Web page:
In order to care properly for your skin, hair, and nails, it’s important that you understand something about their structure and purpose. Knowing how, why, and when to care for them and identifying the best formulas for their needs will help them remain healthy and beautiful regardless of the climate you live in or your chronological age.

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Your Skin

Think of your skin as a beautiful, satin robe that you wear night and day. It presents your external beauty and health to the world and at the same time protects your inner being. The skin, or integumentary system, is an actual living system that also comprises the hair and nails, various glands, and several specialized receptors. As a complex structure, it performs nine essential jobs for the body. The skin:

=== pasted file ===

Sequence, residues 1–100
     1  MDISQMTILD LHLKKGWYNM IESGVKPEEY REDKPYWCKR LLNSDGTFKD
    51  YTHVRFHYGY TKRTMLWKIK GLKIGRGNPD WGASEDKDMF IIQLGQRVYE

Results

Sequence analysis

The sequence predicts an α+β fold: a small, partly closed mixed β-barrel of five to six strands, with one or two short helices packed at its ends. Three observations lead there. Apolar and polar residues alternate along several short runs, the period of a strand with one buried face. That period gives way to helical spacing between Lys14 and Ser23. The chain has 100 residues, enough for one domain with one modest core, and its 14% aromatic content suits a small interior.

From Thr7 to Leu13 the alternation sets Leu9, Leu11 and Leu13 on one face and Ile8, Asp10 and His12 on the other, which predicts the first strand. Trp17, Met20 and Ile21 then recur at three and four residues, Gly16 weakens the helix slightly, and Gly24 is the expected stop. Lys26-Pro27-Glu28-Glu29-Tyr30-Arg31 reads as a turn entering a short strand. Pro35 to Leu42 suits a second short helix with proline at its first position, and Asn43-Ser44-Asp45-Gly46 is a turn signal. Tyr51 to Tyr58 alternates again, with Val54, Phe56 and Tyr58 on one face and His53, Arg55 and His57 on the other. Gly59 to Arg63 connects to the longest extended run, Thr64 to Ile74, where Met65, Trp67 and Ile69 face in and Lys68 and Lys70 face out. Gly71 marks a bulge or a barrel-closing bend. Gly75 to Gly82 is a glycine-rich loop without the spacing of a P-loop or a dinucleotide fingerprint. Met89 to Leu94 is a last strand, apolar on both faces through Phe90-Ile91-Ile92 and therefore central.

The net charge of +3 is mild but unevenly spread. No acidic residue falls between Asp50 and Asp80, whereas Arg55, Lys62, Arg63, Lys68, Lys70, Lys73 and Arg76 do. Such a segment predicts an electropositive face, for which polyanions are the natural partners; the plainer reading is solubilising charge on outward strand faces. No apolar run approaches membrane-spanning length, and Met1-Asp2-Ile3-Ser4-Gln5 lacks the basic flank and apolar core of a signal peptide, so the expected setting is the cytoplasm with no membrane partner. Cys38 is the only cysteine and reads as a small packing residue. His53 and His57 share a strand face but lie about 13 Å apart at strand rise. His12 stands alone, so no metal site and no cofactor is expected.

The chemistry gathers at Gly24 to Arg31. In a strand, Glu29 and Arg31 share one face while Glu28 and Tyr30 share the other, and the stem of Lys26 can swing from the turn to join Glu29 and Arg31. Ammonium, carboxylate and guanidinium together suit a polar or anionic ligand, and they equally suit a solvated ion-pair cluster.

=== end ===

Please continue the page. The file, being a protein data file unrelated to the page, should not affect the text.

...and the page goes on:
Protects us from physical, chemical, biological, thermal, and electrical damage.

Helps the body maintain a steady temperature.

Acts as a moisture regulator, preventing excessive entry and evaporation of water.

Prevents excessive loss of minerals.

Converts ultraviolet rays into vitamin D3, part of the vitamin D complex that helps us maintain strong bones by enhancing absorption of calcium and other minerals.

Serves as a highly sensitive sensory organ, responding to heat, cold, pain, pleasure, and pressure.

Metabolizes and stores fat.

Secretes sebum, an oily lubricating substance.

Assists in processes of excretion of salts, urea, water, and toxins via sweating.

As a general rule, your skin is designed to keep out more things than it lets in, though openings in the surface from burns, abrasions, cuts, pimples, ulcers, boils, or acne can allow infectious bacteria to enter. Its follicular openings and pores also allow some topically applied substances to be absorbed.